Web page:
How to Use Mala Beads for Meditation

How to Use Mala Beads for Meditation
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Those gorgeous mala beads you see your yoga instructor wearing are actually more than a fashion statement. These strings of beads are actually a traditional tool of meditation and prayer used by a variety of cultures across the world. Used for japa meditation, where the focus is on repeating a mantra or word, you may find mala to be a useful addition to your meditation practice. This article covers everything you need to know about how to use mala beads for meditation.

What are mala necklaces and bracelets?

Mala beads are known by a lot of names. You may see them referred to as japamala, prayer beads, meditation beads, mala necklaces, mala bracelets, or mala jewelry. They’re commonly used by Buddhists, Hindus, Jains, and some Sikhs for the meditative practice known as japa, which involves focusing on the repetition of a mantra.

The mala itself usually has 108 beads and is used during meditation as a way to count of repetitions or breaths. The beads can be made from a variety of woods or gemstones. The different stones and colors can have meanings and intentions associated with them. Sandalwood malas (pictured) are extremely common and an affordable starting point for many beginners. You’ve also probably noticed that most malas have a tassel or guru bead (aka sumeru, bindu, or stupa). This is to mark the beginning and the end of your meditation. In addition to being a counting tool, malas are helpful to keep your mind focused and help guide your attention if your mind drifts.

Malas can be worn as a necklace or a bracelet and have become a trendy fashion accessory among many yoga practitioners in the United States.

How to Meditate with Mala Beads

How to Use Mala Beads for Meditation

Once you’ve mastered the basics of meditation, it’s easy to incorporate mala into your practice. They can be used in any meditation position, without or without the assistance of a bench or chair. Watch the video for guidance or read the steps below.

  • Take your normal sitting or kneeling position for meditation.
  • Decide on the mantra you will be meditating on and how many repetitions you want to achieve.
  • Using your right hand, drape the beads over either your middle finger or the ring finger.
  • Repeat the mantra in your mind, drawing the mala toward you with your thumb. One bead equals one repetition.
  • When you reach the guru bead, that counts as 100 repetitions. You should not cross the guru bead, so to continue your meditation you will rotate the mala. To do this with one hand, grasp the final bead with your thumb and pointer finger (if draping over the middle finger) or middle finger (if draping over the ring finger). Slide the draped finger out and insert it from the other side.
  • Continue your japa meditation until you reach your repetition goal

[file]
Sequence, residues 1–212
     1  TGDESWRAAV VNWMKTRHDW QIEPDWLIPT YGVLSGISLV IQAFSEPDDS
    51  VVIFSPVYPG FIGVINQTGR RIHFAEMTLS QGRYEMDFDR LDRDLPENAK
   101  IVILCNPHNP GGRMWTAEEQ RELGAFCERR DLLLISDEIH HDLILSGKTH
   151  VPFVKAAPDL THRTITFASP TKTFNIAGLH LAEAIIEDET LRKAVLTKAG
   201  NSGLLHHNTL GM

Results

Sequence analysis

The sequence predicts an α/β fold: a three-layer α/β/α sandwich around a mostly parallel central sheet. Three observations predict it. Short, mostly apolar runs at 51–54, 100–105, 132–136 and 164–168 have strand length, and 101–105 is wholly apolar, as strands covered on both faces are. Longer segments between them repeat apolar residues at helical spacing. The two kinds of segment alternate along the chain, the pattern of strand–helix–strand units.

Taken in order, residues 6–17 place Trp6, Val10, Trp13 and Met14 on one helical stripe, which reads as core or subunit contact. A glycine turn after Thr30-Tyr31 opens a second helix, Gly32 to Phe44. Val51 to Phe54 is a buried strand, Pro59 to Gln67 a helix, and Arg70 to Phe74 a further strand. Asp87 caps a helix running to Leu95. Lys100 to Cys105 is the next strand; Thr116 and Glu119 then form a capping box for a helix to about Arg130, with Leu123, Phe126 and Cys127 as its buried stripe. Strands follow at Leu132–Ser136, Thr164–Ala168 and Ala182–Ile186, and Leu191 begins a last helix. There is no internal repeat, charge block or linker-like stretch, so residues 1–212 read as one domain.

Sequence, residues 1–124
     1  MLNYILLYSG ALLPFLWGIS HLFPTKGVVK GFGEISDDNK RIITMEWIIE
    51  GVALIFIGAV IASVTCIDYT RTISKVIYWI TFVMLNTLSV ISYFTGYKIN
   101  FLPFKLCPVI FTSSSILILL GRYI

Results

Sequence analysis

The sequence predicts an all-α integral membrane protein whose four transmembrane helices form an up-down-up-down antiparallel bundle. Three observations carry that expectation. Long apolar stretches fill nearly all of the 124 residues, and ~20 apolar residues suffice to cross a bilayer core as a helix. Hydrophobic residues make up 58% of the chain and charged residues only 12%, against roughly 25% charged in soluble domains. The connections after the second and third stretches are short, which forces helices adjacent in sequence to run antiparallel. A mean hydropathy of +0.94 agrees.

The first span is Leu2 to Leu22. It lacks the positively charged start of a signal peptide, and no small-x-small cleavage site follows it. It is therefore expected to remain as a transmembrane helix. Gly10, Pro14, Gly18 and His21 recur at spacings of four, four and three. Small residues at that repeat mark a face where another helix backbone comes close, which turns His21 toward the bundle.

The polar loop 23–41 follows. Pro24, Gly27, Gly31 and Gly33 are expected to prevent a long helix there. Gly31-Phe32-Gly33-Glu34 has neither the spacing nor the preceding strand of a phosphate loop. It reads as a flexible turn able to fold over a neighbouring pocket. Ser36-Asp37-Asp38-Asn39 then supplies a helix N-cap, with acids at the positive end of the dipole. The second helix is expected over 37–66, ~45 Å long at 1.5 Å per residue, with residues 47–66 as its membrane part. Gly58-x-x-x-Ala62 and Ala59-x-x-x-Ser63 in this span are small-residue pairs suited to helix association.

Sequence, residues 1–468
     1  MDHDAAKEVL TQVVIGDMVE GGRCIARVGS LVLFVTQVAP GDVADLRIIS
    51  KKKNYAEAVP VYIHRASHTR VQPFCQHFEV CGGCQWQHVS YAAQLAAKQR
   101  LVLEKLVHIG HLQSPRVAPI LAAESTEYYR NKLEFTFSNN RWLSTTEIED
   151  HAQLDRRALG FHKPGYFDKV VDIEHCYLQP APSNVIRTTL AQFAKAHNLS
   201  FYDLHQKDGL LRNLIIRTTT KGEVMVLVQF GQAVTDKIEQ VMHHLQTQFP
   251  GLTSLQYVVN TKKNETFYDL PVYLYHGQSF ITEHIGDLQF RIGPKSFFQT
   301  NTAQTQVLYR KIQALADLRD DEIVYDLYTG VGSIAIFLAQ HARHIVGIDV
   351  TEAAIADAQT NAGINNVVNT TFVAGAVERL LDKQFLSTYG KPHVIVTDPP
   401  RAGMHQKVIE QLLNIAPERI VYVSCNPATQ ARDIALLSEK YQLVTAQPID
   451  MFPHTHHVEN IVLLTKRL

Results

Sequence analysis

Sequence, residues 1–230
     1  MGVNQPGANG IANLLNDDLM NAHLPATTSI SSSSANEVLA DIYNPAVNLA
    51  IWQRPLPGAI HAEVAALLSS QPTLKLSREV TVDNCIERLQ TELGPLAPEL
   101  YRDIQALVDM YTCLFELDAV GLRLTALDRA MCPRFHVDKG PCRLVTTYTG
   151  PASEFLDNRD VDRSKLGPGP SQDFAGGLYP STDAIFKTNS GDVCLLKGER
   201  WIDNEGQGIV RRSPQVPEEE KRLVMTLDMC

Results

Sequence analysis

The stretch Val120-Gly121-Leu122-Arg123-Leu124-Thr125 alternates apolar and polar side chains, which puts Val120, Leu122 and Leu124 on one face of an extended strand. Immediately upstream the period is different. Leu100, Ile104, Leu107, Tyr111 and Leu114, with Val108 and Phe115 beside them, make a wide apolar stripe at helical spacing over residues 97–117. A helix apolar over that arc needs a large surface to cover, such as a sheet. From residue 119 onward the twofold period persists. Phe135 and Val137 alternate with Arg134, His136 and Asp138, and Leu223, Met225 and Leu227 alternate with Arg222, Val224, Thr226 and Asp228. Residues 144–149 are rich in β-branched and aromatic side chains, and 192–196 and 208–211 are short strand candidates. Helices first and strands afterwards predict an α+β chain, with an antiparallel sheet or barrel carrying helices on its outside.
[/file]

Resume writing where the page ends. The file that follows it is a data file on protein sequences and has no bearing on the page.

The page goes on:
How to Select a Mantra for Japa Meditation

Mantra means “word” in Hindu and it’s exactly that. A mantra is a word or phrase that you focus on during your meditation. Some people believe that only certain words can be used as a mantra for meditation, but I believe that you can focus on any word or phrase that bring positive or calming energy to you. If there’s a certain area of your life you’re looking to improve, you can choose a mantra related to that. If you’re stuck for an idea, here are some mantras you can try:

Om – This is one of the most well-known mantras, the one common folks think of when they imagine monks meditating. Om is a sacred sound and used as a mantra in Hinduism, Buddhism, Jainism, and Sikhism. In Hinduism, om refers to the self or soul (Atman) and the divine truth or reality (Brahman). It can be used on its own or is often used at the beginning of mantras.

Sat Nam – This Gurmukhi mantra translates to “Truth is my name.” When spoken in the mind, the “Sat” should be held eight times longer than “Nam.” This mantra will help you find your intuition and can invigorate sexual energy if focused on daily.

Neti-Neti – This Sanskirt phrase translates to “not this, not this” or “neither this, nor that.” This mantra is good for negating something in your life, whether it’s a situation, a feeling, or something you want to change.

If you’re interested in a more secular meditation, you can pick any word that resonates with you and your goals. Common words like love, freedom, and peace make wonderful mantras.

If you do not want to meditate on a mantra, you can use your mala to count breaths instead.

How to Select Mala Beads for Meditation

How to Select Mala Beads for MeditationWhen it comes to japa, the type of mala used does not matter. What is important is the sincerity of your practice and the attitude you to bring to it each day. When selecting mala beads, you can choose them based on color, feel of the beads, price, or any other aesthetics that appeal to you.

If you purchase a mala made of gemstones, the stones themselves often have meanings and healing energies that can positively affect your meditation and support your intention. Learn more about mala beads meanings by colors.

If you’re interested in using a more traditional mala, look for ones made of rudraksha (bodhi seeds), sandalwood, or lotus seeds, which are often more affordable than malas made of gemstones.


Now that you know how to use mala for japa meditation, pick out the perfect set of beads based on mala meanings by color.

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